Leading article: New Paris-Bonn axis spoils Blair's European dream

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The Independent Culture
IT TURNS out that Gerhard Schroder, who will be installed as German chancellor next week, is more of a New Jospin than a New Blair. The most telling portent of the true nature of the social-democratic consensus that is settling over western Europe was the resignation this week of Jost Stollmann, the millionaire entrepreneur and friend of Mr Schroder, just hours before he was to be confirmed as a powerful economics minister. Mr Stollmann, who is not a member of any political party, was a symbol of the Blairite "new centre" approach - technocratic, business-friendly, unideological. And he jumped ship before it had even started down the slipway, leaving Oskar Lafontaine if not alone on the bridge, with at least one hand on the wheel. Mr Lafontaine, the incoming finance minister, is thus in a central position both in determining the new government's economic policy and in controlling patronage as the Social Democratic Party as chairman. There is little doubt that his policies and style are markedly un-Blairite: his language is all about the fight against unemployment - one of the reasons for the SPD's victory - and his instincts will be to respond to economic slowdown with Keynesian reflation and to shore up rather than dismantle the welfare state.

It may be that lower interest rates, at least, are just what Germany, Europe and the world economy needs. And the plans for "green taxes" on pollution point up one of the biggest missed opportunities of Mr Blair's new politics. But other implications of Mr Lafontaine's emergence as the strong man of the new government are more disturbing. The increased taxes on business are likely to make the problem of unemployment worse, while the shying away from radicalism - even if it was, like Mr Blair's, a radicalism of rhetoric rather than policy - bodes ill for the reform of the European Union, which is the most important collective political venture on the Continent after the launch of the euro.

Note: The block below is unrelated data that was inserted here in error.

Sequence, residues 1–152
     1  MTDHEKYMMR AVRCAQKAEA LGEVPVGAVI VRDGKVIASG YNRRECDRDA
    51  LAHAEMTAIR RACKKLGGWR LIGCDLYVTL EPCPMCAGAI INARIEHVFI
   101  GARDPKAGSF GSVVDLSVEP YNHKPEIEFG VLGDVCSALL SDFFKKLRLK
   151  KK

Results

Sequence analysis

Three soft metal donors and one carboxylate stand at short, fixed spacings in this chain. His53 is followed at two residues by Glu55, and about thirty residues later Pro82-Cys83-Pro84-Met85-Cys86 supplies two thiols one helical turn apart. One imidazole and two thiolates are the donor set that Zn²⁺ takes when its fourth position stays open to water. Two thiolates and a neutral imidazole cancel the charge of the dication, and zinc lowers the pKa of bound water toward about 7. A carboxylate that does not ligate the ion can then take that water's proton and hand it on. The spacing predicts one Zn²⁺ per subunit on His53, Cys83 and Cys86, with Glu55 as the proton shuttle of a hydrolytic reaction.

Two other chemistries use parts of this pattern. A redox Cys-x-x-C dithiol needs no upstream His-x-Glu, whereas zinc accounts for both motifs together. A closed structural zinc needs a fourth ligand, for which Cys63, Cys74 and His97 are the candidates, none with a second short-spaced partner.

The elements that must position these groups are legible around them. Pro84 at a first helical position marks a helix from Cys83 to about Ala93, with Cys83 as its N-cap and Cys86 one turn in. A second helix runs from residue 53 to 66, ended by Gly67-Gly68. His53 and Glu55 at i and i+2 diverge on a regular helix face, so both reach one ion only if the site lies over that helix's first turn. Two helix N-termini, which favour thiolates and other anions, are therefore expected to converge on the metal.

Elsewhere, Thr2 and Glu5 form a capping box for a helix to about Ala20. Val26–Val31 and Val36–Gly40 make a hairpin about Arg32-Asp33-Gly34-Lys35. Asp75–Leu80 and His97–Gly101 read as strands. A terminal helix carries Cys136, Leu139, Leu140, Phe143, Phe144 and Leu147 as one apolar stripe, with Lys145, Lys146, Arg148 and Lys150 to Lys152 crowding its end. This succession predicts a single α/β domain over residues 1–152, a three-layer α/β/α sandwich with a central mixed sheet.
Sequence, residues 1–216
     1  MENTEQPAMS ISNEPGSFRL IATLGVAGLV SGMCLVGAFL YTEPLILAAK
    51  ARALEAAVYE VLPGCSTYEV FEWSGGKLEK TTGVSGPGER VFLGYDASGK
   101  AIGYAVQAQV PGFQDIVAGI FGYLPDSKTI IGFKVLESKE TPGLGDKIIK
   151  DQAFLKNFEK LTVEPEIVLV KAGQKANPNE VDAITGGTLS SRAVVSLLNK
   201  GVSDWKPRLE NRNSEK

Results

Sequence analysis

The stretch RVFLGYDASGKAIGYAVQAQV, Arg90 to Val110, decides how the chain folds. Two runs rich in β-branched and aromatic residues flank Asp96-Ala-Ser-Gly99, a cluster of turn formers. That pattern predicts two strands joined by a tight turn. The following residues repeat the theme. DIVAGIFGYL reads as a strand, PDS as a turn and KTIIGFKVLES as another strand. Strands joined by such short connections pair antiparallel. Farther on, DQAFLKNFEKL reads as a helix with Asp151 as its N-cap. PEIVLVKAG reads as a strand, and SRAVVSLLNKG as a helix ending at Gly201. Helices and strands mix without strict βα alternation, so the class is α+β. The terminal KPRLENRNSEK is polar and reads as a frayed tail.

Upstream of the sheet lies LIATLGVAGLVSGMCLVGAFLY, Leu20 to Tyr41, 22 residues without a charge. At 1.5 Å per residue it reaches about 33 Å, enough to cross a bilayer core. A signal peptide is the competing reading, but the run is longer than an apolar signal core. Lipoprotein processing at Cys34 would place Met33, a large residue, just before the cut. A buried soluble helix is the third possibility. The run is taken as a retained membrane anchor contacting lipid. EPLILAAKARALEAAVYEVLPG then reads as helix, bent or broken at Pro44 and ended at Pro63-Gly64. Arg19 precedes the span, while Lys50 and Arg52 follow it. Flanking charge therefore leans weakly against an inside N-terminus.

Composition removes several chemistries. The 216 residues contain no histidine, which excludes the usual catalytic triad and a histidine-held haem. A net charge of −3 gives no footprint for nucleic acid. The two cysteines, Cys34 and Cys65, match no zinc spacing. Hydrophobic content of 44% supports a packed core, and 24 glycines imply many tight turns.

This has implications for the British attempt to gatecrash the heart of Europe. More than Mr Schroder, Mr Lafontaine is close to Lionel Jospin, the French Prime Minister. That means that the Paris-Bonn axis remains as strong as ever, with the new government in Italy a like-minded partner, as it replaces the more Blair-like administration of Romano Prodi. And the influence of Greens in both the German and the Italian governments adds to their anti-Nato, often anti-British sentiment. What developments in all these countries emphasise is the significance to the British left of the experience of Thatcherism. Privatisation is now accepted everywhere: Mr Jospin's government has sold off more state assets than all previous French governments put together, while the British Labour Government has more or less run out of things to sell. But that is the exception; in every other aspect, Continental social democracy remains very different from New Labour.

That is disappointing because, as Mr Blair soberly acknowledges, Margaret Thatcher made some much-needed changes to our policy assumptions. It is a pity that the new German administration will not tackle the country's bloated social benefits - something which probably required a grand coalition of social and Christian democrats.

At the Vienna summit this weekend, therefore, the gap between Britain and the Continent is likely to grow wider, despite Mr Blair's efforts to throw a rope bridge over the chasm with his plans for a European defence force. Above all, Britain's self-denying exclusion from the single currency guarantees our exclusion from the engine-room of EU decision-making. Put those dreams of the Third Way sweeping Europe on hold, Mr Prime Minister. The European Way owes more to the past.

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